Although a hernia may not worsen for months or even years, an untreated hernia will NOT get better on its own. Hernias that are reducible, are not generally an urgent danger to your health, though they can be painful. A non­reducible hernia can become life threatening if any part of the intestine becomes trapped or strangulated in the opening or weakness. A strangulated hernia requires emergency surgery.

    What about complex hernias?

    The Hernia Center of Southern California receives numerous referrals from other general surgeons when a hernia specialist is required. Our state­of­the­art Tension Free Mesh technique is successful at repairing large, recurrent and complex hernias.

    What is the recovery time?

    Rapid recovery after surgery is dependent on the location of the hernia, the type of hernia, the repair technique used, as well as your individual, physical health. With the advanced surgical techniques used at the Hernia Center of Southern California, our patients experience considerably less post­operative pain, have fewer restrictions after surgery and recover rapidly. Our patients typically are able to return to everyday activities within DAYS of surgery and can return to work and back to recreational and sport activities within one to two weeks.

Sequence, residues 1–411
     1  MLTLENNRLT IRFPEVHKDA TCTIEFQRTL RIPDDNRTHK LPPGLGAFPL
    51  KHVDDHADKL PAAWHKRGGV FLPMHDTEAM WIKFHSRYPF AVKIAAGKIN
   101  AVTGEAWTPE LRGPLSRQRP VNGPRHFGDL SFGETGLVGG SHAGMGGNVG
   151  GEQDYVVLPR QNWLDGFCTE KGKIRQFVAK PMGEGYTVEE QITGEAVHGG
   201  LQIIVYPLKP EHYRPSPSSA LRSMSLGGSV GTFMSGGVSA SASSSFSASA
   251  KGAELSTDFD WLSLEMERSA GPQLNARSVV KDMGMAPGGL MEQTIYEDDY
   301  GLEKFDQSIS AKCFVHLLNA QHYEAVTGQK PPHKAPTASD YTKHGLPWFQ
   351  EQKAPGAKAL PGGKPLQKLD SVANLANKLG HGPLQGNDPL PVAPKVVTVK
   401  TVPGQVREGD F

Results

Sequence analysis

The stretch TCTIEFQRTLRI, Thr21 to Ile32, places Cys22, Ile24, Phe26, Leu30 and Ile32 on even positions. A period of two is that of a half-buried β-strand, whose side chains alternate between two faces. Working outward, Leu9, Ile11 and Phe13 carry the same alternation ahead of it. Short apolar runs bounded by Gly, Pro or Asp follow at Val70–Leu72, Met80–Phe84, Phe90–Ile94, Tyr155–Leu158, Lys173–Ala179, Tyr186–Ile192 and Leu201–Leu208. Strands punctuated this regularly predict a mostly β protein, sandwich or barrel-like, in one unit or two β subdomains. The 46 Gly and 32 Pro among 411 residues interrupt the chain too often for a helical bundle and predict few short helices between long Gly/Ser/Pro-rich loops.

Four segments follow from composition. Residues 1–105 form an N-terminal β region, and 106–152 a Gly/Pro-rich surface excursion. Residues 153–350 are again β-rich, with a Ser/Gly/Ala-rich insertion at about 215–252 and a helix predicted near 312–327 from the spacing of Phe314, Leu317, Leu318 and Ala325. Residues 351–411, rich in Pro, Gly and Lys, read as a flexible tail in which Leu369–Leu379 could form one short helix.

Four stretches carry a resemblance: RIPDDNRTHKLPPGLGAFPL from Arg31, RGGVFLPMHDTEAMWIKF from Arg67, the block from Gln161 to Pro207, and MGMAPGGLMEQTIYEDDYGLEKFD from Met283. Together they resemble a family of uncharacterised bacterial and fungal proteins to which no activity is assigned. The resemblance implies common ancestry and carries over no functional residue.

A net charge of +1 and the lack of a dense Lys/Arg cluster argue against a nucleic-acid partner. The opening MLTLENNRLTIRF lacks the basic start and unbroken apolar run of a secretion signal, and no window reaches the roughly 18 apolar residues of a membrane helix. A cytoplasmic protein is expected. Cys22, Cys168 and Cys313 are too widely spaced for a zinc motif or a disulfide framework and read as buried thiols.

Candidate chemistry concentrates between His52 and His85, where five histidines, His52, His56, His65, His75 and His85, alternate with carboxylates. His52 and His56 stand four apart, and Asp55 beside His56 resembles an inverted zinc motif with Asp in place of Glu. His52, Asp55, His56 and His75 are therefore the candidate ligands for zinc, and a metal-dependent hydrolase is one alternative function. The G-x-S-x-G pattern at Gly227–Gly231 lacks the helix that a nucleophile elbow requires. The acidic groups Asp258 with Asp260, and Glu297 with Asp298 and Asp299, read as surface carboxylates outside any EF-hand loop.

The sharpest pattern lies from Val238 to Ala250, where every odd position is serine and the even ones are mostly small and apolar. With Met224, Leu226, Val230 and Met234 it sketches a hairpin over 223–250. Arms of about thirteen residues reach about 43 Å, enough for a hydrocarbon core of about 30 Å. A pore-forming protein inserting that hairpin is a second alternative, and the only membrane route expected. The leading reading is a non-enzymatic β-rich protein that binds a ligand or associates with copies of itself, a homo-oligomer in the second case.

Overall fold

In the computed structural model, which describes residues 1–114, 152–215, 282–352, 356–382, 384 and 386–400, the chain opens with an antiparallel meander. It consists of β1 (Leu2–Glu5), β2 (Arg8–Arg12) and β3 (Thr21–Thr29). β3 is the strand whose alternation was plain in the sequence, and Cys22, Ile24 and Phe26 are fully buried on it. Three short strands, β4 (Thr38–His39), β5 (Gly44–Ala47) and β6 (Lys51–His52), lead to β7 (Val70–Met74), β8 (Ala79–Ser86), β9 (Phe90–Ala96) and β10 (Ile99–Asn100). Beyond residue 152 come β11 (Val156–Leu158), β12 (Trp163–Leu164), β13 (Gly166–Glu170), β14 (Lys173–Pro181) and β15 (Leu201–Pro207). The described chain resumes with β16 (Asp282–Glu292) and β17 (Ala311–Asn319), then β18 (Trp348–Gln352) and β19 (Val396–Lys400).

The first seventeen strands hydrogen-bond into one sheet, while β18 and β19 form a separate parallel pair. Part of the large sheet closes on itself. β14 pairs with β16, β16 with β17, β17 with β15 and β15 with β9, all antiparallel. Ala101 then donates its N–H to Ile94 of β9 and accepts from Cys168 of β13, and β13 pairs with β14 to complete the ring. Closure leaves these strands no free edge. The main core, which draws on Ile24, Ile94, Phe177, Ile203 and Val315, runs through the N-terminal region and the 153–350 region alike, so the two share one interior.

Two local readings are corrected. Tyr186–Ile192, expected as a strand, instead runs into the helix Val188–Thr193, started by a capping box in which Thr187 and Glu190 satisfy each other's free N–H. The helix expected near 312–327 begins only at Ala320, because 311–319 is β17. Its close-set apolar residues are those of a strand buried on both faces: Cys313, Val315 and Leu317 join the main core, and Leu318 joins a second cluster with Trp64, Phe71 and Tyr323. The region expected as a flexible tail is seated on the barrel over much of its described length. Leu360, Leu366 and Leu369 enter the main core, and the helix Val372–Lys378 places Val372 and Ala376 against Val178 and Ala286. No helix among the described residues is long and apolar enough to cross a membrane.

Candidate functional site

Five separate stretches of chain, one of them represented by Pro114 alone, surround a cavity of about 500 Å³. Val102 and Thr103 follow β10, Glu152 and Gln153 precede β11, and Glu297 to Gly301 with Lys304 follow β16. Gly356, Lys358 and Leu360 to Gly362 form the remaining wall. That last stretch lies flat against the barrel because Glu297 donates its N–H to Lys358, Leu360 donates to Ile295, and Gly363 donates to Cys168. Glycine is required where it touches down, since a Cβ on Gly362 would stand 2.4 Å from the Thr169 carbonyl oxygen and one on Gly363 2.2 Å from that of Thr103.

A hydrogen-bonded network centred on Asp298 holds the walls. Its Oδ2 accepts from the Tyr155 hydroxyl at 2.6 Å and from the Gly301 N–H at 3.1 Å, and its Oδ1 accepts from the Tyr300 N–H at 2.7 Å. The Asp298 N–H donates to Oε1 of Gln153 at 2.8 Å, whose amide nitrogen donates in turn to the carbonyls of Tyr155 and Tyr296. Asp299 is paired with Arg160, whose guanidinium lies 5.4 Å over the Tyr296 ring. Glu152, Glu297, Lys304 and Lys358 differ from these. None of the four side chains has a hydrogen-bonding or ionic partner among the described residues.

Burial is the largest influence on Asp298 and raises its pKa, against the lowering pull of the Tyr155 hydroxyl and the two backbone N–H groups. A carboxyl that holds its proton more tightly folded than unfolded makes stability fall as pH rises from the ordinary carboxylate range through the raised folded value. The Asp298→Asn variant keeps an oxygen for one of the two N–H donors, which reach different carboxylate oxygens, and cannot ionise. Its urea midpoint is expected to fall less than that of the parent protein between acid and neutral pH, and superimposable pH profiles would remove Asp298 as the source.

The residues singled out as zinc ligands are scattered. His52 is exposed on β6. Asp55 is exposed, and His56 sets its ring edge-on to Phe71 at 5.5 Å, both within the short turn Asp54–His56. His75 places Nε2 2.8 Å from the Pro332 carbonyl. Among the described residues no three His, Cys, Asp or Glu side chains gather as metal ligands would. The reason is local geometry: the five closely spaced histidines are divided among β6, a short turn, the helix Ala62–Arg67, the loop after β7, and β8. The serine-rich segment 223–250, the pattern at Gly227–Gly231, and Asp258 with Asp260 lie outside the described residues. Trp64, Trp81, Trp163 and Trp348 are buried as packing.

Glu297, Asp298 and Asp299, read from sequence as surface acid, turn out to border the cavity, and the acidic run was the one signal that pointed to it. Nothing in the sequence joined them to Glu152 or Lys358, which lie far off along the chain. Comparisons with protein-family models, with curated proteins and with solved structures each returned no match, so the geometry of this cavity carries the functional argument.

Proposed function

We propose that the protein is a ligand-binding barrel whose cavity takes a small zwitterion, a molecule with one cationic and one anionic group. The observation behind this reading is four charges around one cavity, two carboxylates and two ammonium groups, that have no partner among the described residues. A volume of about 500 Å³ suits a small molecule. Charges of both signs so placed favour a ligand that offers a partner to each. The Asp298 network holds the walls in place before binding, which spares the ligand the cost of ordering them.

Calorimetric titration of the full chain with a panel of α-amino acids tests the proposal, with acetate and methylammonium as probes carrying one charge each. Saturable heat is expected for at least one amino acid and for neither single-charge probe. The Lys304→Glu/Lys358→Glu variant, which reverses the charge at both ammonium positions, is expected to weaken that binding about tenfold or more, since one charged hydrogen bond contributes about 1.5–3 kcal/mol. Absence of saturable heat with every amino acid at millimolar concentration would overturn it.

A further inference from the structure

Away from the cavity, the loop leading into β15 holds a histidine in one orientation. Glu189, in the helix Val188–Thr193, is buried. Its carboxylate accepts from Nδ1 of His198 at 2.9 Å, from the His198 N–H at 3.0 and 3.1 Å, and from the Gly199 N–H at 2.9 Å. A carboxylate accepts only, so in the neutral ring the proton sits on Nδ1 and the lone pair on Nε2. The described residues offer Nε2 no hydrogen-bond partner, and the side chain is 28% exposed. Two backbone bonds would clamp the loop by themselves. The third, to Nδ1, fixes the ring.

When can I return to work?

    After hernia repair surgery at the Hernia Center of Southern California you will be able to rapidly return to normal, daily activities as well as work and athletic activities. We use a “tension free” repair that results in minimal postoperative pain.

    Sedentary Work – This includes secretarial work, computer work in the office or home. Work involving sitting, standing and walking with lifting less than 20 pounds. Patients may return to unrestricted work 3 to 5 days after surgery. They may experience minimal pain, that can be managed with over-the-counter pain medications such as Advil®, Motrin® or Tylenol®.

    Minimal to Moderately Physical Work – This includes electricians, plumbers, factory workers, mechanics, and workers in retail stores and laborers who lift 20 to 40 pounds. This does not include stockers who lift repetitively. Patients can return to unrestricted work two weeks after surgery. They may return to work in one week with a light duty restriction of no lifting over 20 pounds. You may experience minimal pain, that can be managed with over-the-counter pain medications such as Advil®, Motrin® or Tylenol®.